I’ve had a lot of worries in my life, most of which never happened. — Mark Twain
My wife is the smart one. She is also the quiet one in public settings. Most people never hear or know it, but she is the unquestionable intellect in our family. Most of our mornings begin with a cup of coffee and conversation. I usually wake up charged and ready to go, ready to jump into ideas and thoughts. She tends to be more relaxed and likes to ease into such things, usually after the second cup of coffee or second half hour of wakefulness. Yet every morning, part of our daily ritual is some sort of discussion, usually dealing with something one or the other read.
This morning we had our coffee outside, enjoying the rising sun and the various wildlife chattering. We had both been reading articles online and started talking about one a friend posted on Facebook called, Jesus, John Wayne, and John Wesley: Why the Curious Silence on Masculinity in the Wesleyan World? The general idea was churches in the Wesleyan tradition didn’t have as many problems with toxic masculinity (thought they are not immune to it) because women have had leadership roles through much of the latter half of the twentieth century. This means Wesleyan men don’t find it so unusual for women to be pastors, superintendents, or bishops (again not all Wesleyans are created equally, some would argue…with signposts).
As with most of our conversations, we wandered afield. Eventually, the conversation ended in empty coffee cups and the need to get to work. But I began to think after the fact about many of the driving forces behind the Jesus and John Wayne mentality. The author quoted “Baptist scholar Alan Bean as saying, ‘The unspoken mantra of post-war evangelicalism was simple: Jesus can save your soul; but John Wayne will save your ass.’” I wondered at the motivating factor behind the two ideas, the sacred and the secular wrapped up in a pithy, Twitteresque one-liner intended to rebuke one side and stir the other. The word I got was fear.
Fear, I think, is one of the most powerful and most damaging motivators. It originates as a reaction to environment, something needed in our early days as a species to keep us alive. When things posed a serious threat to our health and wellbeing, our brain developed a mechanism to defend or retreat. The world changed, true mortal threats are fewer and farther between. But the mechanism for fear response is still hardwired. Now, the issue is ideas and whether those ideas threaten our way of thinking. Anytime we encounter ideas our context regards as uncomfortable or challenging, the response kicks in and we become defensive or inquisitive.
We now live in a world of religious and political fear. Throughout the life of the United States, we have blended politics and religion and the most recent version of this is the wedding of the Republican Party to the Religious Right during the nineteen-seventies. You could also say there has been a wedding of the Democratic Party to the more liberal expressions of Christianity, although many of those have existed long before the later twentieth century. The greater point is both sides of the arguments—left/right, conservative/liberal, etc./non-etc.— use fear as a motivator. If you don’t vote/think/support this, they win and if they win, they will take away X, make you do X, or make you think X. If they aren’t stopped, they will destroy our country. If we don’t do something about X, the moral fabric of our society will unravel.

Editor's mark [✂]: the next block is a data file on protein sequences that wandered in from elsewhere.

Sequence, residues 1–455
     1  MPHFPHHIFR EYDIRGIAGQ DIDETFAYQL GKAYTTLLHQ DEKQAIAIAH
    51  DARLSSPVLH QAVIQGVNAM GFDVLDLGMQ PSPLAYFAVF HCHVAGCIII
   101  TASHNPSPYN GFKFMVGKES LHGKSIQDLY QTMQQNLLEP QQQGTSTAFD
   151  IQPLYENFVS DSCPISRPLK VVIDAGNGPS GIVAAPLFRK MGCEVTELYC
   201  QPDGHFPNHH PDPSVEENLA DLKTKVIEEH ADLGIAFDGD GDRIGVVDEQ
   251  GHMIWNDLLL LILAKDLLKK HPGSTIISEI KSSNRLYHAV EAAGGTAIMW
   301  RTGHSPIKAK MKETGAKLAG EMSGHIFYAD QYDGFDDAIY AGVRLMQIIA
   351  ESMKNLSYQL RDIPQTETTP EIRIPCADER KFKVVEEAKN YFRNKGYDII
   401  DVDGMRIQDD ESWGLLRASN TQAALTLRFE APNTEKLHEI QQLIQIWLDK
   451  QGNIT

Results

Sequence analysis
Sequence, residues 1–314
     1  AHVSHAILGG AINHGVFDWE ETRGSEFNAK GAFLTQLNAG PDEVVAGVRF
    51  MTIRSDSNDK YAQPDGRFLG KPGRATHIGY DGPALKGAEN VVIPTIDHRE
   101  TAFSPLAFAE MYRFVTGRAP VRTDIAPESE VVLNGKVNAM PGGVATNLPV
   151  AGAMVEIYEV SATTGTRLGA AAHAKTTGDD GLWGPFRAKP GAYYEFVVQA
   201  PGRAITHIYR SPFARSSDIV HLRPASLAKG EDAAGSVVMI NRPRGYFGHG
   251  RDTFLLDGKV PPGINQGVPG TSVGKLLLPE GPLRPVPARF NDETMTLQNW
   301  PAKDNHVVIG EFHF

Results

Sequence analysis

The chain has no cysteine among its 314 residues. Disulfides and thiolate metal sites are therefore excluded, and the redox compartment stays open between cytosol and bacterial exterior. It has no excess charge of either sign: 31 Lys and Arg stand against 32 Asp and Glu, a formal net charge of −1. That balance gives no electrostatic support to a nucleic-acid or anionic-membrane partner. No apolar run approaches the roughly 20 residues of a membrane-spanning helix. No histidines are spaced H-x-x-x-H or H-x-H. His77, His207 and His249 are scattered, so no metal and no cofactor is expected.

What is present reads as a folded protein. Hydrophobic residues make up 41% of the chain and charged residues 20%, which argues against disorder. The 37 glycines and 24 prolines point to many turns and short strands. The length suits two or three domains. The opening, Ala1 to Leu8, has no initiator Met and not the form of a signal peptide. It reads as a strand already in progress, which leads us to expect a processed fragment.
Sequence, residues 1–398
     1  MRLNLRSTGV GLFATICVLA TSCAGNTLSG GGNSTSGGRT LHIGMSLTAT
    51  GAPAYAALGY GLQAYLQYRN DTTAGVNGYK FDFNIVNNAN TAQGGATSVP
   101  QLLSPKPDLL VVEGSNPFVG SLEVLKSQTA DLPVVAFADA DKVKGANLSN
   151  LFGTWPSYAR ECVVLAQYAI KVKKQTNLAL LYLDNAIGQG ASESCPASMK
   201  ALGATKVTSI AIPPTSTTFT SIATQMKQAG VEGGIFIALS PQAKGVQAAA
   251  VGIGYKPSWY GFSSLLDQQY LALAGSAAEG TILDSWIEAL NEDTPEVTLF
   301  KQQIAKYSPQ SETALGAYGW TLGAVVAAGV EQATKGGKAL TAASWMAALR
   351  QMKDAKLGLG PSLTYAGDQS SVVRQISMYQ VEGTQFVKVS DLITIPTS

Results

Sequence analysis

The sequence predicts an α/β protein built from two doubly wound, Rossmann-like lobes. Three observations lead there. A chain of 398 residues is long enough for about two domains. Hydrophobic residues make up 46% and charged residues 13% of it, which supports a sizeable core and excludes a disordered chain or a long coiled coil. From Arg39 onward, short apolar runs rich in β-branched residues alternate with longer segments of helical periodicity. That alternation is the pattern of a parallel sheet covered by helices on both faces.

I’m not buying it.
Communities define culture. If you live in a rural community, you will likely think in a way which benefits rural causes and champions rural ideas, regardless of whether they are conservative or liberal. The same can be said of suburban and urban environments. Your community will be what it is because your people are who they are. And over time, they will change. Some places previously X will become Y. Some places previously X will become X2. The issue isn’t a right or wrong issue, the issue is what is perceived as good for the community residing there. Churches are communities. Churches define their own culture. Church culture will change over time based on pastoral and communal influence. There will be no force involved only the shift in people and the shift in dynamic brought by them.
Fearmongering is an anti-Christian waste of time.
Peace I leave with you. My peace I give you. I give to you not as the world gives. Don’t be troubled or afraid.John 14:27
There is no fear in love, but perfect love drives out fear, because fear expects punishment. The person who is afraid has not been made perfect in love.1 John 4:18
Stop letting people who want to control your thoughts and your votes tell you what to think and who to be afraid.
Seek the Holy Spirit’s guidance to understand and live out the Way of Jesus, a fearless way of living not bound by changes in political office or denominational ideology.
Live into the love of God and the love of neighbor as you live by breathing.
Rise above the noise and hear the voice of the Divine.
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